Keela Nevis Trousers review: practical performers for year-round walks and hikes

These straightforward hiking trousers conceal surprising versatility, and are light and breathable on long treks but keep you dry in a downpour

Close up of hiker's legs wearing Keela Nevis hiking pants
(Image: © Julia Clarke)

Advnture Verdict

An uncomplicated pair of hiking pants, these versatile hiking trousers keep you cool and dry on the trail, and with a few more pockets they’d be perfect.


  • +

    Stretchy and lightweight

  • +

    Reinforced seat and knees

  • +

    Water-resistant and breathable

  • +

    Come in three different lengths

  • +

    Adjustable waistband and ankle zips


  • -

    Not enough pockets

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Keela Nevis Trousers: first impressions 

Scottish brand Keela has named its latest hiking pants after the country’s biggest mountain, so you might expect an extremely rugged pair of trousers, but a lot like the people of Scotland, these are uncomplicated and practical. There’s nothing showy about the regular fit and straightforward design, but get these out on the hill and you’ll be pleased with how they perform. They’re extra stretchy and breathable, meaning you’re comfortable even when the slope gets steep. The water-resistant treatment works really well, even in a heavy downpour, and the fabric dries in minutes once the sun comes out.

Added versatility comes with button pull tabs hidden in the waist line (or you can use the belt loops) and ankle zips mean you can wear these with your best hiking boots or shoes. Reinforced knees and seats add durability, though for really rugged scrambling you will probably want something tougher. With only two hip pockets, they could use a little more storage if you like to keep your phone and map on hand, but overall you’ll be comfortable wearing these in most seasons if you’re hiking in a temperate climate, and they come at a good price too.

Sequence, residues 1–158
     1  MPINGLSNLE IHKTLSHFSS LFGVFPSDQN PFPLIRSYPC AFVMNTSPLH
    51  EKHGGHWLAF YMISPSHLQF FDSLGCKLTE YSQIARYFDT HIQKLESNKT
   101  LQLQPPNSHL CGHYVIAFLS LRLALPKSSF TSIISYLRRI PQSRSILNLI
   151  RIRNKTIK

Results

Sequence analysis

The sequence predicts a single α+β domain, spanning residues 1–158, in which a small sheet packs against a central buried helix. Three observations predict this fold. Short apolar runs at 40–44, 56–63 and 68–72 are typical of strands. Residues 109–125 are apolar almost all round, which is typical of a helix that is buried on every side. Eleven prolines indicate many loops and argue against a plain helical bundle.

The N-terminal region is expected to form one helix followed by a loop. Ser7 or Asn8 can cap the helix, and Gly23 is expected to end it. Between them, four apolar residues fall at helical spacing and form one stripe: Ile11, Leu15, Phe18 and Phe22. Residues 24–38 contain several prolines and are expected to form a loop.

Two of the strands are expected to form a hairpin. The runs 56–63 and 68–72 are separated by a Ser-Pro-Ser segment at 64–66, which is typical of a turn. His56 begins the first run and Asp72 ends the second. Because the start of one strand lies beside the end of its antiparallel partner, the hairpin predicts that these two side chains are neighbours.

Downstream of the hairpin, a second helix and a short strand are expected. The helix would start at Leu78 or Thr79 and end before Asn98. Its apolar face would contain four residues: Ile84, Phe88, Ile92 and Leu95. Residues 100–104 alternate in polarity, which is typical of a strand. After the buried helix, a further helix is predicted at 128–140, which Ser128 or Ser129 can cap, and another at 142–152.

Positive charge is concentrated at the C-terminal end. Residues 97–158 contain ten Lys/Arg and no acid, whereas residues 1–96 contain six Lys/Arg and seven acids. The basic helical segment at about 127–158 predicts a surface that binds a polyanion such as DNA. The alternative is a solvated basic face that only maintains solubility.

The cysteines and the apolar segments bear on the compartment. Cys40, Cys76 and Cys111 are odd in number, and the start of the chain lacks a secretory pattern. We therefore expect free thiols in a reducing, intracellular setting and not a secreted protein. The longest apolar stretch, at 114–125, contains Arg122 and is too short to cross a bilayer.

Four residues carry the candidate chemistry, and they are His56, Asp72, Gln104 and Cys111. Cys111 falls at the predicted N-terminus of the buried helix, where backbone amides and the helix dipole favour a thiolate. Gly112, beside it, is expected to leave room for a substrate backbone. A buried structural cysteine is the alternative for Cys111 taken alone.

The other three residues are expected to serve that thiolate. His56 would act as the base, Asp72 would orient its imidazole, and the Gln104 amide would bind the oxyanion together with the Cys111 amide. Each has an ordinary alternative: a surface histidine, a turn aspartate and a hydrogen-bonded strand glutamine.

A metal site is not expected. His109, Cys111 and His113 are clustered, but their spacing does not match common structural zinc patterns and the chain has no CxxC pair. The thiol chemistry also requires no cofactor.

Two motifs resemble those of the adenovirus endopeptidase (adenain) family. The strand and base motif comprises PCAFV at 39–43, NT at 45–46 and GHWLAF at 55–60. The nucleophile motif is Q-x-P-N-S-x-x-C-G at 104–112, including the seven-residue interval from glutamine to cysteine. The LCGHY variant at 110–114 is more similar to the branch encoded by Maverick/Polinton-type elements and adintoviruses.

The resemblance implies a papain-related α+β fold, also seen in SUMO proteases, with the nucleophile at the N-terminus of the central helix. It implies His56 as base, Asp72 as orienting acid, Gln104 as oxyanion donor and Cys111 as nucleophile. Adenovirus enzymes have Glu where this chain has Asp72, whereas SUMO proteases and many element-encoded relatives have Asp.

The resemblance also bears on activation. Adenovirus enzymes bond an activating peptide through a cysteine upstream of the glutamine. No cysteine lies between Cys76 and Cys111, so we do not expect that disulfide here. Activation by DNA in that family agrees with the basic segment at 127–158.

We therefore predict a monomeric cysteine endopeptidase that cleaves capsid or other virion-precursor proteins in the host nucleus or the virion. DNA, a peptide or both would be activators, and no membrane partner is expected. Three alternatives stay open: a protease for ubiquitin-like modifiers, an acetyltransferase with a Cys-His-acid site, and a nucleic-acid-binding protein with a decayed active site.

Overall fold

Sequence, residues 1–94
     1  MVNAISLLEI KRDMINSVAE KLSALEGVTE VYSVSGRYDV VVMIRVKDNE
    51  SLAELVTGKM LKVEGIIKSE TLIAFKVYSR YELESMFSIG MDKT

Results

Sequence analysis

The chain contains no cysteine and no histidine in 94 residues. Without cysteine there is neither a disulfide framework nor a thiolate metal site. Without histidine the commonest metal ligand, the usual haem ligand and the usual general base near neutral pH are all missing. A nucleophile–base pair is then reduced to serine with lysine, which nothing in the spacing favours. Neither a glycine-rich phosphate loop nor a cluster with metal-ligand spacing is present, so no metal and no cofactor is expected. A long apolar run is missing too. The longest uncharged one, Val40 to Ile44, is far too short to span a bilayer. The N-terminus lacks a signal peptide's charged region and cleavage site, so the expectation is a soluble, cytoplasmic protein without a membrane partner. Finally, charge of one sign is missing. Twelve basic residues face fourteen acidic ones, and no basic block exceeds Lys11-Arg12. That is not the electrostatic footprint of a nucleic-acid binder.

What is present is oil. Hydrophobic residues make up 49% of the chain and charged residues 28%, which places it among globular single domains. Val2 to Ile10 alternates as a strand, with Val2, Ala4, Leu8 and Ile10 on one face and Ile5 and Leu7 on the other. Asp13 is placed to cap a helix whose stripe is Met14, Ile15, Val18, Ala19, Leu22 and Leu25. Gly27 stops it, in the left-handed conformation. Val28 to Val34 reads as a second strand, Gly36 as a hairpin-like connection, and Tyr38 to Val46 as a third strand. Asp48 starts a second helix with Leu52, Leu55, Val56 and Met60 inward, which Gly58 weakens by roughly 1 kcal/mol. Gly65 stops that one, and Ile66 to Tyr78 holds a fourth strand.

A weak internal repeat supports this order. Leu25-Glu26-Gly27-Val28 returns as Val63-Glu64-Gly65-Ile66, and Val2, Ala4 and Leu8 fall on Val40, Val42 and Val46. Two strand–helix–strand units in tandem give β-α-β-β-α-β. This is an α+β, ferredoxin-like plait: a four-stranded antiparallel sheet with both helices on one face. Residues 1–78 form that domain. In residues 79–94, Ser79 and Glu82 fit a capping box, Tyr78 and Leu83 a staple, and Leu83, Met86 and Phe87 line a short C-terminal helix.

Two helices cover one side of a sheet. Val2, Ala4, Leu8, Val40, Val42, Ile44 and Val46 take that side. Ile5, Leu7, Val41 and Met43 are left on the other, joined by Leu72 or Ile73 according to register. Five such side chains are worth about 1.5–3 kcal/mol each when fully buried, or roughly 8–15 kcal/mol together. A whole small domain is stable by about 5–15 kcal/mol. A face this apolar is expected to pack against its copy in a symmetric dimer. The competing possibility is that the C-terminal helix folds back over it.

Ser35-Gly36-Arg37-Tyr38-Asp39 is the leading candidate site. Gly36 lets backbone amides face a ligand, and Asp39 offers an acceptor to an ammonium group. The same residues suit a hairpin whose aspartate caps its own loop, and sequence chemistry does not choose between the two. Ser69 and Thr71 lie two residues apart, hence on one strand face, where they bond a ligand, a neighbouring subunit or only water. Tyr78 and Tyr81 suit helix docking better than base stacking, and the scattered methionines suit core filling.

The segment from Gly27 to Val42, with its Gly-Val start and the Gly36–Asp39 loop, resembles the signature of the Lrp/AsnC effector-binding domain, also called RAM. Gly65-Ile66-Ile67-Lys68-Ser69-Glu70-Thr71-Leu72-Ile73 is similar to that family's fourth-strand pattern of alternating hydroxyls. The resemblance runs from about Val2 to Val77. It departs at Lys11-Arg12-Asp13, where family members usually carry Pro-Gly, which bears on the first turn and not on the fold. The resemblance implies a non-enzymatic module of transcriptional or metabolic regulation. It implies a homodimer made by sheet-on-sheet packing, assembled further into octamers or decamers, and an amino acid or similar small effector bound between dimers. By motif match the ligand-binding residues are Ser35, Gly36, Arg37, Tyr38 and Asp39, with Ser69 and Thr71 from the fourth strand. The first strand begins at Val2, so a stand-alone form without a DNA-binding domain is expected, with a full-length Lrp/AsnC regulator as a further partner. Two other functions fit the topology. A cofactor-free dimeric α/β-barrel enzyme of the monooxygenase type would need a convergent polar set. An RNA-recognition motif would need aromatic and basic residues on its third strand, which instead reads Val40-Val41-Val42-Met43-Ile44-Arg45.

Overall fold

• List price: £69.95
• Sizes available: Men’s 28 - 44”, women’s UK 8 - 20  
• Lengths: Short, regular, long
• Unisex: Men’s and women’s specific fit available
• Materials: Shell: 90% Nylon, 10% Spandex
• Colors:  Night blue, steel
• Best use: Hiking, backpacking, camping 

Keela Nevis Trousers: in the field 

Close up of hiker's legs wearing Keela Nevis hiking pants

The water-resistant treatment works well, even in a downpour (Image credit: Julia Clarke)

I trotted these trousers out on the West Highland Way recently which meant I got to spend quite a bit of time in them, and in typical Scottish fashion I got to test them against most of the elements too. They’ve got a really straightforward look to them so I wasn’t necessarily expecting them to be high performing, but overall I’ll say I was pleasantly surprised.